A maple tree lifts its crown to last night’s clear, starry sky.
The cloudy streak with a bright center at top is the Andromeda
galaxy. Photo: Bob King / Duluth News Tribune
Update 10:35 p.m. — see map below for tonight’s pass of Shenzhou-7
Sweet night yesterday if only for a little while. We had clouds but not before two bright space station passes and one flyover of our friend, Jules Verne (ATV). With a little luck in the weather department, we’ll be treated to evening passes of a brand new satellite, the Chinese manned spaceship Shenzhou-7. The name means "Divine Vessel" and the ship will carry three Chinese astronauts — called taikonauts — into orbit for a three-day journey into space. Tomorrow, one of the astronauts will perform China’s first spacewalk, the mission’s highlight.
Chinese astronauts (left to right), Jing Haipeng, Zhai Zhigang and Liu Boming attend a send-off ceremony before the launch of China’s third manned space mission at the Jiuquan Satellite Launch Center in Gansu province on Thursday, Sept. 25. (AP PHOTO)
The ship launched at 6:10 Central time this morning the 25th with great fanfare. On board, the taikonauts will get to choose from a menu of 80 different foods including spicy kung-pao chicken, shrimp and dried fruits. They’ll also use special pencils costing $1470 from a firm in Shanghai to take notes on what they observe in space. The pencils are three times the thickness of regular pencils, made of slip-proof basswood and can be used on both ends. China First Pencil Co. Ltd. will produce an additional 2,008 pencils for general sale at $750 a pop. Sounds like American-style capitalism is alive and well in China.
It’s a great achievement to send humans into space, and the Chinese are justifiably proud. China’s growing space program can only enhance our understanding of the world that begins where our atmosphere ends.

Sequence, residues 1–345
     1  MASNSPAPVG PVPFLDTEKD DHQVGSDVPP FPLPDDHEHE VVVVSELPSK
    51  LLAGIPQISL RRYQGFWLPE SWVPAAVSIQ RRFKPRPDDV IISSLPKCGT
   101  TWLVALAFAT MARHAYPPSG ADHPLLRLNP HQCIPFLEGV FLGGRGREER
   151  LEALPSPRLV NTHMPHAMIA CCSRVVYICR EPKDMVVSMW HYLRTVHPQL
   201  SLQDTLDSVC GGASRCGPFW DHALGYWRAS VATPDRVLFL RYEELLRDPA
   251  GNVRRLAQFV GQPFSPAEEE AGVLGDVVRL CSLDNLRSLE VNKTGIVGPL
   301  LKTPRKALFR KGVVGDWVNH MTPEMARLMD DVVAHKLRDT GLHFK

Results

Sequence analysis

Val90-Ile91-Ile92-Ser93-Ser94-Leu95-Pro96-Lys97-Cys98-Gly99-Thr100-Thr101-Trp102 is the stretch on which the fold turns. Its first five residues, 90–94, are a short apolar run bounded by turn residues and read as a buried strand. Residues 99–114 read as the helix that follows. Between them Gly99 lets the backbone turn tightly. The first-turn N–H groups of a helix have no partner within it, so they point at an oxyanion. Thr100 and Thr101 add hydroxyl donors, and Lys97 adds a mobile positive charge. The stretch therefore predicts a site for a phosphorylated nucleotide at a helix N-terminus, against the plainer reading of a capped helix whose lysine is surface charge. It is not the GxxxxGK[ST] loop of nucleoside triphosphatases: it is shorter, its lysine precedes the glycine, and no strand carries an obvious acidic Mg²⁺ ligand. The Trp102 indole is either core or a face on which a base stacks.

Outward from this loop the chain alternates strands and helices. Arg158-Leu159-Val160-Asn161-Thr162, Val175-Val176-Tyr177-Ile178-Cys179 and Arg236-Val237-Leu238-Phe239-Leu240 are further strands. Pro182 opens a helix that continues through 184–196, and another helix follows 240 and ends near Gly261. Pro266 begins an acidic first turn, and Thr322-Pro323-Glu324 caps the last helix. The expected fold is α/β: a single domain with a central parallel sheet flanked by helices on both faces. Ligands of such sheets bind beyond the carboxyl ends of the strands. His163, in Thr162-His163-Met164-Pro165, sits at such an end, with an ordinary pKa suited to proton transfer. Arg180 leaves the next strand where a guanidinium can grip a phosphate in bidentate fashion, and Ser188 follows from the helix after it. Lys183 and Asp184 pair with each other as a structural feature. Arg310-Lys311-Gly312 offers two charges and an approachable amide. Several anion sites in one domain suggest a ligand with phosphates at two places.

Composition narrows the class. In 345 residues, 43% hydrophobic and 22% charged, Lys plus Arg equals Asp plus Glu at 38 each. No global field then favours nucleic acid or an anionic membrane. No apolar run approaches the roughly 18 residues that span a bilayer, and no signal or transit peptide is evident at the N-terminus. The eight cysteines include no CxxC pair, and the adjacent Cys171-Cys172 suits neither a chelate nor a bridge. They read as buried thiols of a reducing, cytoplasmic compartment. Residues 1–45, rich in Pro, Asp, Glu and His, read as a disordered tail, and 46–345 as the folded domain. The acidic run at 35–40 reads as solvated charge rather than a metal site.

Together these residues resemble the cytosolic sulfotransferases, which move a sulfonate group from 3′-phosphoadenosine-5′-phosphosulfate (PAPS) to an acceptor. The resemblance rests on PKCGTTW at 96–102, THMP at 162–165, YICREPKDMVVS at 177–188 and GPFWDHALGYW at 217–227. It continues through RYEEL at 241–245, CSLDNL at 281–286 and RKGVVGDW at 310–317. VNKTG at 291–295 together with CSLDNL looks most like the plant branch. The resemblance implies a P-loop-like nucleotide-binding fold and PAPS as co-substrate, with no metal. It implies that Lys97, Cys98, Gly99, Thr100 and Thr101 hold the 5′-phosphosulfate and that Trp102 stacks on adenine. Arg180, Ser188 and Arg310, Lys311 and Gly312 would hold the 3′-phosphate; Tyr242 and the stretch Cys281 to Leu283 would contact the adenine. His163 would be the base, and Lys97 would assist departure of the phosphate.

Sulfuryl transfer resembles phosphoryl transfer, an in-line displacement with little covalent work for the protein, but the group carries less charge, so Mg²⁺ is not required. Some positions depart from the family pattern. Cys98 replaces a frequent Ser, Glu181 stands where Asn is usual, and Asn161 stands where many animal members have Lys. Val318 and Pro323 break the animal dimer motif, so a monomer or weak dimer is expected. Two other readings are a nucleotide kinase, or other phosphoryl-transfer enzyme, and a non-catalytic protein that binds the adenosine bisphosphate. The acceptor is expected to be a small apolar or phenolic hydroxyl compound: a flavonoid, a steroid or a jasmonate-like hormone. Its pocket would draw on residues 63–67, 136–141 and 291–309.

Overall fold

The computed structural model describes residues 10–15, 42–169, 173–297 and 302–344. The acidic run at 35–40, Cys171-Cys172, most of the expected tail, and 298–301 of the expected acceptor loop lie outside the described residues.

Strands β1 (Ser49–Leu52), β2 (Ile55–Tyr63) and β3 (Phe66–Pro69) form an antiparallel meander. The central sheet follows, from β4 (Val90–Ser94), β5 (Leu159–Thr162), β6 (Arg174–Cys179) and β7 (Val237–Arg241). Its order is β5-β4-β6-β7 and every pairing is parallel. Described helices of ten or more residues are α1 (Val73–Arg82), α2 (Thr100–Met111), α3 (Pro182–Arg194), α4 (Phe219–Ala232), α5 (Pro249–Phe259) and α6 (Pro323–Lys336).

As soon as predictions for evening flyovers are available, I’ll update the blog on when and where to look for Shenzhou-7, so check back later in the day. I hope we’ll all get a chance to see this historic flight. For more information on the mission, you can click here. For a fascinating look into the origin of (ahem) pencils, take a look at this story.
At right, a Long-March II-F rocket blasts the three Chinese astronauts into Earth orbit early this morning. (AP PHOTO)
The path of Shenzhou-7 through Northland skies this evening the 25th. We may also get to see the final rocket stage precede the spacecraft, so watch for two lights to pass across brilliant Jupiter. Shenzhou-7 will be faint this evening so I’d recommend binoculars to catch it. Look left and right of Jupiter at the times shown. After 8:10:45 p.m., the craft will disappear into Earth’s shadow. We’ll have it nailed down much better for the Friday and Saturday passes. You may also want to start viewing a couple minutes early and stick around for a couple minutes after the times on the map. Good luck!
Update 10:35 p.m. — Yes, it was visible! Based on a communication with a satellite prediction expert, it was the spacecraft’s rocket stage that followed the track pictured above, and it appeared about a half-minute early. You wouldn’t call it bright, but it was still easily visible to the naked eye. It moved quickly and faded out just to the left (east) of Jupiter. I hope you saw it. The ship itself passed a few degrees above Jupiter about five minutes later but I did not see it. Please share your observation by leaving a comment below.
Tomorrow’s blog will have the remaining passes listed.